Almost 16 long, sometimes dark, years of Coalition-appointed ABC chairmen came to an end yesterday when Jim Spigelman claimed the big-window office at the national broadcaster’s corporate HQ in Sydney. That’s how slowly the board-stacking wheel turns at Aunty.

This huge time-lag has created some awkward juxtapositions. Outgoing chair Maurice Newman is a free-market conservative who’s had to deal with the Rudd and Gillard governments. Spigelman — something of a political radical at university who went on to run a department during the Whitlam era — may soon find himself answering to an Abbott government in which many have openly declared the ABC to be their enemy. The cocktail conversation at official functions might tend towards the tart.

It is, of course, far too early to speculate on the politics of the ABC under Spigelman, other than to say that his years as chief justice of NSW polished an already deft lawyer’s talent for making his point without appearing to take sides. Spigelman is also a cultured, well-read man with a strong interest in the torrid politics of Australia’s early history. Expect his speeches to occasionally sidetrack into peppery references to the Macarthur libel trials. (Defamation was already an established blood sport in Sydney 200 years ago.)

All of this will make Spigelman an interesting chair for the national broadcaster, but that’s not the angle the features and comment editors are chasing. Instead, there have been the predictable “he’s-his-own-man-who-likes-to-be-hands-on” pieces (pull the other one; it’s got Michael Kroger on it), plus that hardy, all-weather perennial: ABC funding. Drag out the same tired, old clippings file and cobble together a pull-through of recent ABC issues. Add the familiar roll-call of quotes from the usual suspects. The ABC’s funding is insufficient to do its job properly; the ABC gets plenty of money but wastes most of it. Take your pick.

This debate invariably becomes a game of ideological ping-pong between those of us who cling to the ABC as our only genuinely independent broadcasting source and those who resent their tax dollars being spent on outlets whose tone and content they dislike.  The Aunty-haters rarely have the courage to call for the ABC’s abolition or sale — they’d prefer to see the broadcaster neutered through death by a thousand budget cuts.

In truth, the ABC’s total budget appropriation is rarely cut. Sometimes a vengeful incoming government (Fraser in 1976, Howard in 1996) will swing the fiscal axe for a year or so, but most “cuts” have actually been reductions in the rate of growth. Thus, the corporation’s current financial stress is more an expression of its appetite for providing additional, often unfunded, services rather than of any targeted parsimony by the federal government.

A generation ago — when, rather quaintly, the ABC came under the Postmaster-General’s Department — senior management would trot down to Canberra with a few vaguely relevant files in their briefcases, fend off some tepid budget questioning from bored MPs and senators and then do a quiet deal with the bureaucrats over lunch at the Royal Canberra Golf Club. Any embarrassing little over-spends at the end of the financial year could be discreetly “carried forward”, or covered by a supplementary allocation.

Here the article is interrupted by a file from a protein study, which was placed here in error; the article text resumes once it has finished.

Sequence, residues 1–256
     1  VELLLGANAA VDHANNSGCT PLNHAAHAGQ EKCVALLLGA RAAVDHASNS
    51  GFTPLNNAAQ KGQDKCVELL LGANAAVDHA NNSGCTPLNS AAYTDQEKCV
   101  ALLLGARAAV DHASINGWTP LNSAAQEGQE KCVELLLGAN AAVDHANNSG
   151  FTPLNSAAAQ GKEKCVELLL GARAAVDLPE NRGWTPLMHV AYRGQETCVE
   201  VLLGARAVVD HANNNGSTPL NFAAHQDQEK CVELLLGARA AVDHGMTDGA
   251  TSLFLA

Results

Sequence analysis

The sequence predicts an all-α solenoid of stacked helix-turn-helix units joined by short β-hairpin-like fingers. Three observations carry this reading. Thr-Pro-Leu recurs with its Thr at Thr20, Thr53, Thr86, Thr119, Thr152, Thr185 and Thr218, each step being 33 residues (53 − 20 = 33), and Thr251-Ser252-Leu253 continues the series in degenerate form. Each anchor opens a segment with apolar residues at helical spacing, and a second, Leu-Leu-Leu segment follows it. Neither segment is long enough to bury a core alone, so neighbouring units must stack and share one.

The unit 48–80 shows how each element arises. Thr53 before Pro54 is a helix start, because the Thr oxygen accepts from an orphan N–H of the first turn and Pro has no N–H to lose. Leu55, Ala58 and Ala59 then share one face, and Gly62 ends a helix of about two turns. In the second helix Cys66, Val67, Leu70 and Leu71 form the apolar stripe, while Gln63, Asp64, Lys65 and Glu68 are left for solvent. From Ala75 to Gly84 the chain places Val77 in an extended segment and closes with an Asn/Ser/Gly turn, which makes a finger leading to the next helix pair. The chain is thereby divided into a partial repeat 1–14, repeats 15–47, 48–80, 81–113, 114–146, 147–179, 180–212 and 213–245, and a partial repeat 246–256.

But when David Hill became managing director in 1987 he made funding an overtly political issue. His “eight cents a day” campaign was a blatant attempt to harness the voting clout of the ABC’s true believers to blackmail the Hawke government. It yielded an indexed triennial funding deal, but the Department of Finance outfoxed Hill by tying any increases to an economic measure that rarely reflected real increases in costs and wages.

From that point, the ABC’s appropriation has been the dominant issue for Aunty and its “friends”. But what’s lost in this 25-year-long debate is that it’s not the raw quantum of ABC funding that matters, it’s the priorities the board and management set for expenditure. Ask not how much money is in the kitty, but what it’s used to buy. Should there be a full multimedia news bureau in Beijing or would that cash be better spent on developing a local sitcom?

Inevitably, the cost-efficiency thugs (sorry, management consultants) moved in and helped nudge management towards the unsavoury business of reducing “non-essential” production. That’s how ABC television has all but abandoned sport, cultural programming and in-house drama, documentaries and natural history. Beside news and current affairs, the bulk of Aunty’s flagship output is now derived from outsourcing, co-productions or straight buy-ins.

The inevitable result of this pruning has been that the main free-to-air channel is dominated by word-driven content. Talk is cheap on television, but it gives current ABC output a disappointing sameness.

With the exception of The Book Club, you’ll search long and hard to find a single prime-time program on ABC1 this week devoted to music, art, opera, literature, ballet or sport.

The board sets broad policy, not the detail of implementation. But maybe the incoming chair could ask his senior executives how all this radio-with-pictures stuff meets the criteria of the ABC’s own charter.

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Peter Fray
Peter Fray
Editor-in-chief of Crikey
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